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Once a far-fetched concept, self-driving vehicles are now under serious development by tech firms and automotive giants alike. The consequences for site selection and quality of life metrics will be enormous, finds Erika Morphy.

At software company SAP’s global headquarters in Walldorf, Germany, there are shuttles to ferry employees between the 21 buildings that make up the complex. The software conglomerate is considering replacing these vehicles with autonomous, or self-driving, vans, according to Uli Muench, global vice-president of the company’s Industry Business Unit for Automotive.

The volume of people that these autonomous cars would be moving – there are about 5000 employees at SAP’s headquarters – is not enough for the idea to be a game-changer in terms of efficiency or monetary savings, according to Mr Muench. Rather, the point would be to showcase SAP’s own connected vehicle Internet of Things (IoT) technology.

SAP is preparing for autonomous cars being an integral part of the global economy in the short to medium term, and, along with other forward-looking companies, it is planning for their arrival today. SAP is devoting significant resources to the development and deployment of the technology. “Autonomous cars and trucks will remake or have an effect on just about every industry in the economy,” says Mr Muench.

A brave new world

Such technology could have serious consequences for site selection. Self-driving cars and trucks could literally redraw the map for these decisions.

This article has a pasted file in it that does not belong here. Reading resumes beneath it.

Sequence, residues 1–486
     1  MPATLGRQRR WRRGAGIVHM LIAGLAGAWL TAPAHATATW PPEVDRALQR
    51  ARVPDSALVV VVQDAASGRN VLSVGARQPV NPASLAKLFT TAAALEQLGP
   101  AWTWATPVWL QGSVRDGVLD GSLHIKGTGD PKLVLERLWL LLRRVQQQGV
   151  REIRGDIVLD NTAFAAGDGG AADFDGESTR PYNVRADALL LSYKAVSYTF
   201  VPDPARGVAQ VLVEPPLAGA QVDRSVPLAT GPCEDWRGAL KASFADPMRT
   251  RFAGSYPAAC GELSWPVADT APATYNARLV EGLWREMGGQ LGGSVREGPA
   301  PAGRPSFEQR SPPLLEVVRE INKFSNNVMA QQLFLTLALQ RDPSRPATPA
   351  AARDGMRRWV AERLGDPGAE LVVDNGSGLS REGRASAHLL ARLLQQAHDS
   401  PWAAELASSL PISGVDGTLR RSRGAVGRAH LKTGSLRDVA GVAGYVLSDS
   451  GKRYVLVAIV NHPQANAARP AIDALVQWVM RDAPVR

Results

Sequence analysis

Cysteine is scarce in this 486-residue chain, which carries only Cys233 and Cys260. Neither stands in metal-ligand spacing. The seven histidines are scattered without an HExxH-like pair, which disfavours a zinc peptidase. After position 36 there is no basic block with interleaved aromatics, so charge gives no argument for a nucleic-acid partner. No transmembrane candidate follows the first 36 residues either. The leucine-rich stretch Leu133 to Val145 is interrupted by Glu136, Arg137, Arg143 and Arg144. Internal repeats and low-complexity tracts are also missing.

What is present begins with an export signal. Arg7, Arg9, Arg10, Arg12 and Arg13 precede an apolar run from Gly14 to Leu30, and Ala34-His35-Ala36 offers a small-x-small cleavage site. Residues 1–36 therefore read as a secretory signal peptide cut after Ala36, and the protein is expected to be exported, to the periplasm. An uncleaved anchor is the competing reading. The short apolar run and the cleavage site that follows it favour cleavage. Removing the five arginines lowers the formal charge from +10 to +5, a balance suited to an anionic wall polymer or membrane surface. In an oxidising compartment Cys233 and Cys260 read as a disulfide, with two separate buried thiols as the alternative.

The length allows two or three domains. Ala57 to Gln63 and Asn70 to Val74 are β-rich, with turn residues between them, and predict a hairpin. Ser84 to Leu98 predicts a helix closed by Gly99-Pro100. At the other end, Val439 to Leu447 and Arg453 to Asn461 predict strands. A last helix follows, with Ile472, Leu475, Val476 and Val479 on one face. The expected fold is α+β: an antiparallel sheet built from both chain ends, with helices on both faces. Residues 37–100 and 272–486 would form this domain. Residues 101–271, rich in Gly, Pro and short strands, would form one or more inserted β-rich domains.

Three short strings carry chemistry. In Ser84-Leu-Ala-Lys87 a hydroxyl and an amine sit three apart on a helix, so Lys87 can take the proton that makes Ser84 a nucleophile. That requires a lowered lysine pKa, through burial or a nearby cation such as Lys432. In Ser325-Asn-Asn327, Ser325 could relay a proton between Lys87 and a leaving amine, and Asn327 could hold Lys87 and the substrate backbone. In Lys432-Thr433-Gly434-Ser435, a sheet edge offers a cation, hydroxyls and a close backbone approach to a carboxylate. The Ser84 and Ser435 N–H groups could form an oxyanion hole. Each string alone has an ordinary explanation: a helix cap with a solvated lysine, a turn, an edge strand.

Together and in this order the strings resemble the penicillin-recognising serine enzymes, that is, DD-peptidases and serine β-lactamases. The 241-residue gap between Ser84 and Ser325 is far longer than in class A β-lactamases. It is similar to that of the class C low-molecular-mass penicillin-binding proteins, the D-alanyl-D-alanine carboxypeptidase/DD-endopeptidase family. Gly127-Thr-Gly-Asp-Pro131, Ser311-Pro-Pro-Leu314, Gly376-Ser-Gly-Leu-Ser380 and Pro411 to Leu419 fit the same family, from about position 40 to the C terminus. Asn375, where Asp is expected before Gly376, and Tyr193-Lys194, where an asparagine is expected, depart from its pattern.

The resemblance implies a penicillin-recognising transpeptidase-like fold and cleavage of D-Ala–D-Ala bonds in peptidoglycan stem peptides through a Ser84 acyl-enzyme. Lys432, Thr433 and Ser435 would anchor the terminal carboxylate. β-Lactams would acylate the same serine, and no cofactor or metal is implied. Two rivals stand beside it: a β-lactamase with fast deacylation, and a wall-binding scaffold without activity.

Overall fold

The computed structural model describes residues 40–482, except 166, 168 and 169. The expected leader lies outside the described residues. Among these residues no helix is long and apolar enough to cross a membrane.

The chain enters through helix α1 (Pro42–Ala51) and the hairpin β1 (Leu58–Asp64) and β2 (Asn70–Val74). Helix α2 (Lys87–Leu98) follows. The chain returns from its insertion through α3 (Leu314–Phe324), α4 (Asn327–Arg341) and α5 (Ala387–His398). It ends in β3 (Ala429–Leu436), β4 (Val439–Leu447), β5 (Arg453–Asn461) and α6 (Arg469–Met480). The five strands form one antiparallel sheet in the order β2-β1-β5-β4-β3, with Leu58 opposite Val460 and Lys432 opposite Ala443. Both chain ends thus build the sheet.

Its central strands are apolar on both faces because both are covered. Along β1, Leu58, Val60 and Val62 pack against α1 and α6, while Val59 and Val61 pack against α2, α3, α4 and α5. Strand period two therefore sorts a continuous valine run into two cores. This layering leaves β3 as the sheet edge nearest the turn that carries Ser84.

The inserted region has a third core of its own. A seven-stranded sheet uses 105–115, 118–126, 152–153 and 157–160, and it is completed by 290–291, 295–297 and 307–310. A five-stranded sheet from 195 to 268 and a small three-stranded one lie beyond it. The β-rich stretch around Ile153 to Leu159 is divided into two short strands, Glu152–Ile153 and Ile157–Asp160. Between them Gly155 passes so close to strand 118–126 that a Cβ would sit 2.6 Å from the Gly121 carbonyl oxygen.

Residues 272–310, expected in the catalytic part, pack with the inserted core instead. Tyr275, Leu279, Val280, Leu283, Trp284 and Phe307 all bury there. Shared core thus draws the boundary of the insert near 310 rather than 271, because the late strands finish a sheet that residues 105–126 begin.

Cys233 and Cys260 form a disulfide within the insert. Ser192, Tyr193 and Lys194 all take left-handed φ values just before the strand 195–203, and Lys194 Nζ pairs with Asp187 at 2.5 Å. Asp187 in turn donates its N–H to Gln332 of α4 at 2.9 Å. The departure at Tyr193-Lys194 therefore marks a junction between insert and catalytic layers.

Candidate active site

For example, a headquarters would no longer have to be located close to a talent pool because long commutes would not be the burden they are today. The same would apply for factories or distribution centres, or any investment in which nearby talent is a factor in site selection. “There are a lot of places around the world where getting to work is a problem because of traffic or unpredictable infrastructure,” says Aaron Steinfeld, associate professor at the Carnegie Mellon School of Computer Science. “Autonomous vehicles will provide more predictability around arrival and departure times.”

He adds that people will be less likely to object to longer commutes if they can do other things – read, check email, talk on the phone – instead of driving.

Keep on trucking

Autonomous vehicles will also change the dynamic between manufacturing facilities and suppliers – especially with the IoT as part of the mix – because materials will be able to move back and forth on an automated basis. “Creative applications of autonomous vehicles, especially for short-range distances, could change the way people think about real estate, sourcing and manufacturing operations,” says Mr Steinfeld.

The transportation of goods over long distances would also see major changes with this technology, bringing time and efficiency savings that could translate into cheaper and faster distribution services for companies. One example is the vehicle-to-vehicle communication truck manufacturers are experimenting with to learn more about drag and wind resistance, which has implications for fuel consumption.

“Imagine 10 trucks on a highway,” says Mr Muench. “The first one is in the wind with the remaining nine following in the draught of that first truck, which has been equipped with sensors and radar to monitor the conditions and report back to the other trucks, which then modify their driving accordingly. That would allow them to drive within, say, two feet of one another, which has huge implications in terms of profitability for transportation companies.”